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#ShortStories Llanito Category Winner Sophie Macdonald with ‘Norfolk Square’

Tanto de mi vida has revolved around la salud de mi madre, even if, as a child, no me di muchísima cuenta. Solo tenia siete años, pero me acuerdo que, esa ves en Londres, mi padre me compró el video tape del Ice Princess, y, en St David’s Hotel, me, mi padre, y mi hermana lo miramos juntos en cama. Me acuerdo que mi mama y grampita, que venían con nosotros, would secretly stash tissue paper and tea bags into their suitcases, tu sabes, por si a caso.

I remember having to march to their room upstairs and ask them por un tea bag para el té de mi madre.

I remember marvelling at The Lion King pamphlets at reception con mi hermana, que no queria bajar a breakfast por que su dance teacher happened to be staying at the same hotel as us, y le daba miedo de ella. Tambien me acuerdo del fish tank gigante in the St Mary’s Hospital waiting room, as we waited to be told que el check up de mi madre had gone well and her cancer hadn’t come back.

For me, London era adonde yo podia ir a Woolworths para compra un pick n’ mix grande and where I would stand mesmerised by impressive lions at Trafalgar Square.

Pero, para mi madre, London was a reminder; there was no crevice of Paddington left untouched by her past. Nunca había pensao de mi madre como paciente; estaba malita ante que yo nací, and, despite being told she would not be able to have children, here I am. I had never had to see Paddington her way. But, in a sense, for me, there was still always a duality to Paddington.

Por un lao, es adonde esta Calpe House, adonde lo paciente tienen que ir, pero también es adonde mi madre tenía que ir y, en mi mente, ella no era paciente. We stayed at St David’s: we were on the safe side of Norfolk Square. Sure, she had to go for check ups pero she was better now and the worst always seemed inconceivable.

Deep down, though, I knew we weren’t just in London for fun. Yo sabía que el Fountains Abbey, adonde mi grampita me llevaba para chips con gravy no era su favourite pub solo por que le gustaba; era adonde el se podia esconder de los males. Paddington era adonde el mundo de mi mama, tan chiquitita como es, was made even smaller. It was where mi padre had to hold up the fort.

But, for me, it was where I had watched the Ice Princess, my new favourite film, and I couldn’t wait to get home and tell my friends about it. En mi casa en el Calpe en Gibraltar, la enfermedad de mi madre seemed intangible — it was only when we had to get on a plane that things became muddled.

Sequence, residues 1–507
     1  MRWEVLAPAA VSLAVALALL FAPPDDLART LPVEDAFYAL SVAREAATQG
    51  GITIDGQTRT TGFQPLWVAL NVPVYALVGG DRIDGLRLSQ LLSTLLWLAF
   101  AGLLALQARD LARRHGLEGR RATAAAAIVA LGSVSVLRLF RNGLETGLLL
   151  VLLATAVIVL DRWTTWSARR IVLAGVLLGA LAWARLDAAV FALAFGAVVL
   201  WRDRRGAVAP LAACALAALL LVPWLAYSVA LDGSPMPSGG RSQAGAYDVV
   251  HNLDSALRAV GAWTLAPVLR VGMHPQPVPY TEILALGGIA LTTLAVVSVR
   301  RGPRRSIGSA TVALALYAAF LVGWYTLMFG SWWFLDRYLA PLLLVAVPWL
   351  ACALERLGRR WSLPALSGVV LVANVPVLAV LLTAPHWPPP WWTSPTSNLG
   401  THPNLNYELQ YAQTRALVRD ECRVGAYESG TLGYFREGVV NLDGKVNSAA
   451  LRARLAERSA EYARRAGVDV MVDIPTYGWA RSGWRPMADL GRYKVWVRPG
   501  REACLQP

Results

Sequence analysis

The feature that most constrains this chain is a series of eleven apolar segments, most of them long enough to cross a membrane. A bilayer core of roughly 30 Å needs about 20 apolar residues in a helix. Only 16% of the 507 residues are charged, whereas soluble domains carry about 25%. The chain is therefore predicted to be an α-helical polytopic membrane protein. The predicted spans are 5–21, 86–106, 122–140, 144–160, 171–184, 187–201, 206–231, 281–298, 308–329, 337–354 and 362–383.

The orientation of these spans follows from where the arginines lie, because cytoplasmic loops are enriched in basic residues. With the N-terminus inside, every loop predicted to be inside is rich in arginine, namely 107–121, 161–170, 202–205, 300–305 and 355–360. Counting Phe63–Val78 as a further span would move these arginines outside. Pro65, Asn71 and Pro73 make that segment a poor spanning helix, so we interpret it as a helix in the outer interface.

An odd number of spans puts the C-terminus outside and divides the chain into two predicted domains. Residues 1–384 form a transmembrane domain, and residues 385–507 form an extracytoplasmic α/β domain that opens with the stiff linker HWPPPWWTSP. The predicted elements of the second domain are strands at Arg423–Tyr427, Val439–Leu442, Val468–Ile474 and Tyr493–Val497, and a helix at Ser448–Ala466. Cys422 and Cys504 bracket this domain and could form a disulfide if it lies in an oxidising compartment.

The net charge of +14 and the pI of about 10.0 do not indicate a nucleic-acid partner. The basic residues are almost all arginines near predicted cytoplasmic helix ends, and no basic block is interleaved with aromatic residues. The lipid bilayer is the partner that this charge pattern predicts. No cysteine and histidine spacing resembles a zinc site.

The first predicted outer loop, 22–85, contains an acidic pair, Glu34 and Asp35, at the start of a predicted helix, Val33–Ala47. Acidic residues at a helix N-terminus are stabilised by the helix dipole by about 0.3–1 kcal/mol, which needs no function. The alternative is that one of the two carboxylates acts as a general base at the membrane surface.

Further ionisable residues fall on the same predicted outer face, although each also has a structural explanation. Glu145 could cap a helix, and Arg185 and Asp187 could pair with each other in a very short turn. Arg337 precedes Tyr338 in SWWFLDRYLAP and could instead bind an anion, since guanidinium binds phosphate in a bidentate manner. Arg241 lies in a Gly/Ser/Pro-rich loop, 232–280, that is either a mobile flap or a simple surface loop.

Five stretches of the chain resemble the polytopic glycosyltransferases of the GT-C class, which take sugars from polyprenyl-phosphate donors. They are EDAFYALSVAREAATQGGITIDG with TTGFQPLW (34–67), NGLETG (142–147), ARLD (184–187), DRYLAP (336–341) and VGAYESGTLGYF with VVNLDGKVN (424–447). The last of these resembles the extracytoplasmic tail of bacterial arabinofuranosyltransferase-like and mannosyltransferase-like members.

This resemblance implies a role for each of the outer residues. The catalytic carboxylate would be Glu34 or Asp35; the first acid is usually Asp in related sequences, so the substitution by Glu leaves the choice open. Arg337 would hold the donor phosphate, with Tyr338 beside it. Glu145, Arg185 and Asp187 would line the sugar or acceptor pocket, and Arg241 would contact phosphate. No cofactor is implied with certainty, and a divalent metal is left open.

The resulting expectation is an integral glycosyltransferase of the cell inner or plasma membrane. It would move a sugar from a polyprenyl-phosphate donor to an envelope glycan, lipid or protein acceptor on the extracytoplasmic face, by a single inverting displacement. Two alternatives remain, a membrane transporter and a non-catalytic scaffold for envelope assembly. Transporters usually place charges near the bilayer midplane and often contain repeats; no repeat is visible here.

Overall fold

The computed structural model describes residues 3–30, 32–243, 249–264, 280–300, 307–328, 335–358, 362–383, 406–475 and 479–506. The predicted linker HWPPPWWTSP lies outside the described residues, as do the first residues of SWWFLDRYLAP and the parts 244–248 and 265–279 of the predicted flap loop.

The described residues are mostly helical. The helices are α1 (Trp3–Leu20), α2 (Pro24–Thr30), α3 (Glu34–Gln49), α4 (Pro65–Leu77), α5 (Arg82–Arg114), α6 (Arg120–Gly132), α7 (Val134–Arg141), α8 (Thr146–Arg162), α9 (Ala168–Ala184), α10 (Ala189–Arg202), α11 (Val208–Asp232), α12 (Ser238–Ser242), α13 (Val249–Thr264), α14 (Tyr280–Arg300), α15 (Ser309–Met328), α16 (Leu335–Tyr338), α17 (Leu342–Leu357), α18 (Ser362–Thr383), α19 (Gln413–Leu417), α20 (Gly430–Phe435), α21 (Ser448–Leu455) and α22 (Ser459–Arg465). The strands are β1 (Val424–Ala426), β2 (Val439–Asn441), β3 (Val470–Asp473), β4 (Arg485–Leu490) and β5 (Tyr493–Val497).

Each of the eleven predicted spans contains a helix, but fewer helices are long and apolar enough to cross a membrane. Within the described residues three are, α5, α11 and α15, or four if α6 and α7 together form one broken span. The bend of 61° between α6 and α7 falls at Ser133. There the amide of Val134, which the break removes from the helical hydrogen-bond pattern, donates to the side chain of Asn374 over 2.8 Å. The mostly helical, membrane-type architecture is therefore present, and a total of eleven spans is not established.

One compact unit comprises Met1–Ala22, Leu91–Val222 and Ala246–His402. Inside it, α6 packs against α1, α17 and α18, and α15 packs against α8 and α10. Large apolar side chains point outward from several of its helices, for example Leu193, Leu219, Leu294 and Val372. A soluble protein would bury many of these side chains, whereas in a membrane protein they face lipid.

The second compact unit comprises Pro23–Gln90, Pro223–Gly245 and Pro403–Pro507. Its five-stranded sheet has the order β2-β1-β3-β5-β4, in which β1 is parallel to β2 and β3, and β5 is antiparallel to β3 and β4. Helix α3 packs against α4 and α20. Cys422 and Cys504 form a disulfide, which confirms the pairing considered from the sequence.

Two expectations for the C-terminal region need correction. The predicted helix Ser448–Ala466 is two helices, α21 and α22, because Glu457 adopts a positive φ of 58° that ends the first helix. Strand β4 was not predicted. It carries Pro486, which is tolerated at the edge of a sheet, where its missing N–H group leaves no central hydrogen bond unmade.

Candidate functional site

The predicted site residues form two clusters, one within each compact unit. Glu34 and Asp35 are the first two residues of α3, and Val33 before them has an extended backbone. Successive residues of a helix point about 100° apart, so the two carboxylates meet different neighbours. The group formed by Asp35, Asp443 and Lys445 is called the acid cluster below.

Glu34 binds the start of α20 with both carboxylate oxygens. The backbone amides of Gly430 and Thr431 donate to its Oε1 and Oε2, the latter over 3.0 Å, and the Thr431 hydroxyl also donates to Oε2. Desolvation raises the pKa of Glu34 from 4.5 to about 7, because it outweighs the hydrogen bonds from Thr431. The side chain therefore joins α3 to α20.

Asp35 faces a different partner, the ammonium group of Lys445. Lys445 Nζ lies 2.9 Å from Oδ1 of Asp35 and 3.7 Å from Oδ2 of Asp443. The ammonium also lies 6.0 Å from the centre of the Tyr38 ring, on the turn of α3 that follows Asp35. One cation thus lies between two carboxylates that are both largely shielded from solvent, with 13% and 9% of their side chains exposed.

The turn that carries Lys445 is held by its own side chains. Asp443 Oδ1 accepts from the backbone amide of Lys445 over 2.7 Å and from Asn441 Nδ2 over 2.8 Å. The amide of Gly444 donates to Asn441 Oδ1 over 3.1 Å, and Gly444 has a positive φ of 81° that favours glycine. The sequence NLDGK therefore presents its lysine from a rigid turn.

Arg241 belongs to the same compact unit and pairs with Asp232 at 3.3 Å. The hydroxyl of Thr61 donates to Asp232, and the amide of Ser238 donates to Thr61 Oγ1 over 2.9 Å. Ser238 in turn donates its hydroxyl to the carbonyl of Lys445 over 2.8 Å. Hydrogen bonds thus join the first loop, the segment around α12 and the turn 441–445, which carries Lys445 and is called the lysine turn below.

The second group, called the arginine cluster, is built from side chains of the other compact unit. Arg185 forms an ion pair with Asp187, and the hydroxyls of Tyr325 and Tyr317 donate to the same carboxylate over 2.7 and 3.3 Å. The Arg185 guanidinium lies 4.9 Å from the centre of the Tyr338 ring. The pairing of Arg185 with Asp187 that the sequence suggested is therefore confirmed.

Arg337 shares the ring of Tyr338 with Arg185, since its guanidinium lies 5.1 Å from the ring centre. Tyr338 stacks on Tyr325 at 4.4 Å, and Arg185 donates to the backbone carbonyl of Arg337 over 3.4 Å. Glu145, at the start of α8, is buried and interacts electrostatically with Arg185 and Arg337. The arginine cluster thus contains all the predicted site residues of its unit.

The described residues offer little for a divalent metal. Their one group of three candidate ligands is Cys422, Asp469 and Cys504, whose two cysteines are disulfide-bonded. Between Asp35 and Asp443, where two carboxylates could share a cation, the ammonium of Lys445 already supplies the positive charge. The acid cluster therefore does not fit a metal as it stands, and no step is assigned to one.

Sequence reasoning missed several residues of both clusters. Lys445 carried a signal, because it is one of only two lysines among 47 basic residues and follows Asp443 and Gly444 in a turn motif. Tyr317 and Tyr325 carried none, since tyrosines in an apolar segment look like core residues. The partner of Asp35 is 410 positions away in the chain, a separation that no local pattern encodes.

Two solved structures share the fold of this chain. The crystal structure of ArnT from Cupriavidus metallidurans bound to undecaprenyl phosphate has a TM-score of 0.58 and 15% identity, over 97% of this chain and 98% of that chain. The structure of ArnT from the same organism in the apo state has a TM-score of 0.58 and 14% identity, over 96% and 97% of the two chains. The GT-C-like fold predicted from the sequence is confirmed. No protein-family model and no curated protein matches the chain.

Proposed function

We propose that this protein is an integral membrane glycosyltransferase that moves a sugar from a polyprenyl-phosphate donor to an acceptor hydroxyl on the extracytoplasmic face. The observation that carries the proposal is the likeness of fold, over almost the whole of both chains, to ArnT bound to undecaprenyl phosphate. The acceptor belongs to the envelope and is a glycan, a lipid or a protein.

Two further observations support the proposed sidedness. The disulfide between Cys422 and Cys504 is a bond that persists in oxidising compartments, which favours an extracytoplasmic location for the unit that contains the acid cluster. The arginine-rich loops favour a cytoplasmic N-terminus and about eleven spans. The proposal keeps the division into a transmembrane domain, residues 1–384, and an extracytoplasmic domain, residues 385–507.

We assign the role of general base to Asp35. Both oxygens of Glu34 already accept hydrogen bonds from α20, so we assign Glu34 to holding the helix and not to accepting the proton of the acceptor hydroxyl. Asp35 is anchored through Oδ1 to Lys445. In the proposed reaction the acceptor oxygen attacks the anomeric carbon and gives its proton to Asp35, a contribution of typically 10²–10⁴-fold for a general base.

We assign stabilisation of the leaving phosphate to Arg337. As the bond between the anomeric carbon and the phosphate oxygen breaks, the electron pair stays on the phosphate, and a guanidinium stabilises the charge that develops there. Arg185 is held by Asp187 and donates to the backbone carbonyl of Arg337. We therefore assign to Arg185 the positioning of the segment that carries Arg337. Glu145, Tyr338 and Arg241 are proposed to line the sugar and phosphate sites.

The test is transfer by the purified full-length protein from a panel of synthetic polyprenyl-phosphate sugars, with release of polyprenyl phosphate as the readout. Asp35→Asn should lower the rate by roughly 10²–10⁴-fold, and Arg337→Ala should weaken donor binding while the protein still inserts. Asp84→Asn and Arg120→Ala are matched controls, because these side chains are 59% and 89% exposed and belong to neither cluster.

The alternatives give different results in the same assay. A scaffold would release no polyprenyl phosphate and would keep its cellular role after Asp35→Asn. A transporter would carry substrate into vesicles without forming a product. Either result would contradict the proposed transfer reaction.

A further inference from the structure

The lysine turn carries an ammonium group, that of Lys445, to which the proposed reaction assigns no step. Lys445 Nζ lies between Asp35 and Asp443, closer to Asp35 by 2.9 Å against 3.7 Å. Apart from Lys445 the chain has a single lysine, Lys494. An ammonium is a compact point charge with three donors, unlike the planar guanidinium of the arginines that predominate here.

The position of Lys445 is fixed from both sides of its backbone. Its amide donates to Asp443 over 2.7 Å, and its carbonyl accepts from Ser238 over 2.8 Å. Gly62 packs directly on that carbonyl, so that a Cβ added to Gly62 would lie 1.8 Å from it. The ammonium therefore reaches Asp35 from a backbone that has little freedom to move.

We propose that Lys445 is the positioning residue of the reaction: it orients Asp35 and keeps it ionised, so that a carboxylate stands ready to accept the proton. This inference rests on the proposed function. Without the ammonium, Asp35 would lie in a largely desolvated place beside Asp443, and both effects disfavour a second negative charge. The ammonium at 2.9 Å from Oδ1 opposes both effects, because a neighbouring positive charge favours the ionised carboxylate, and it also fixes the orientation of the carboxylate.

Además de lo ghosts I was convinced it was haunted by, my house was a haven. Era adonde we made up stories with my mum, and where, as the eldest, I got to have secret ‘habla habla’ time with her after mi hermanita se quedaba dormia.

Our walls were yellow and warm, and our ceilings glistened with el reflection del mar. Our walls, turned amber by the sun, were stained with burgundy shadows that crept in through lo shutters colorao, and my sister and I would make shadow puppets with our fingers on them. It was where tea time meant queso duro con crackers en frente del television, watching Hannah Montana.

Después de cantar todas las canciones de la Hannah, íbamos al patio a jugar la escuela, allí del statue de la Virgin Mary, por que nada podía asustar mi hermana into learning her timetables como la cara de la Virgin Mary, with her turquoise robe draped in the foliage that fell del monte and grew around her. It was also where mi madre y mi tia would set up fishing en el corridor, con un makeshift fishing rod made from el palo de la escobar y el gancho de una percha.

Pescamo lo prizes del suelo, and, to my mum’s dismay, lo prizes de mi tia would always involve the glitter that would inevitably permeate the paving of our marble floors for months to come. It was nothing like Norfolk Square, devoid of colour and deprived of the sea: where the windows were bare, unprotected by lo shutters colorao that let in patterns of light.

Gracia a dios, our yearly visits stopped after my mum was officially cleared. Even though lo peó paso ante que yo nací, remnants seeped through my childhood and were always buried in my parents’ eyes. I wasn’t old enough to realise it then, but, living in London at twenty-one, the same age that she was cuando ella estaba malita, would make these glimpses of my childhood inextricable from my time here now.

Claro, London is different now. The lions at Trafalgar Square don’t seem so huge and intimidating anymore, and Woolworths went into liquidation. But my mum still makes me crackers de queso duro and now I go to cheers my family at the Fountains Abbey.

Ahora, I realise how much of my childhood hinged upon la fuerza de mis padres; how their strength meant the stories I would tell my friends about London when I got home solamente involved bolillas, películas, y que loca estaba mi mama por traer tissue paper en su maleta cuando el hotel obviamente habia tener bastante papel.

Adjudicators Comments:
‘An emotional exploration of the trials so many people in Gibraltar have gone through, not only having to deal with a serious illness but having to uproot to London for treatment. It is wonderful to see aspects of Gibraltar culture such as Calpe House being put into short stories, despite the difficult subject matter. This story does not shy away from discussing the effects this travel has not only on the person who is ill but on their family. The use of Llanito adds a warm aspect to the confident prose, summed up in a narrative that is global in its study of family, but singularly Llanito in its form, language and experience.’

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